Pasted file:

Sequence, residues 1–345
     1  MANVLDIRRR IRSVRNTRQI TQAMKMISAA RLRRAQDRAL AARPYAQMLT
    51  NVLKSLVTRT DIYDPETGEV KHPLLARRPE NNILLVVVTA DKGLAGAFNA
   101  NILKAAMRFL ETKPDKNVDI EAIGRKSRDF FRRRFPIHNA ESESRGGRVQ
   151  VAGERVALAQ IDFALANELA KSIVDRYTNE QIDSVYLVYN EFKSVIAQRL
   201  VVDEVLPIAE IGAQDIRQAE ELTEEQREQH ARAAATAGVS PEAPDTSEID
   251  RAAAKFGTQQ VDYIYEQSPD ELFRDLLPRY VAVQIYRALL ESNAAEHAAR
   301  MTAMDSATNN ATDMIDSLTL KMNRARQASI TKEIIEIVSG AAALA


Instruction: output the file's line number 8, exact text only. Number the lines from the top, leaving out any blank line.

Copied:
   301  MTAMDSATNN ATDMIDSLTL KMNRARQASI TKEIIEIVSG AAALA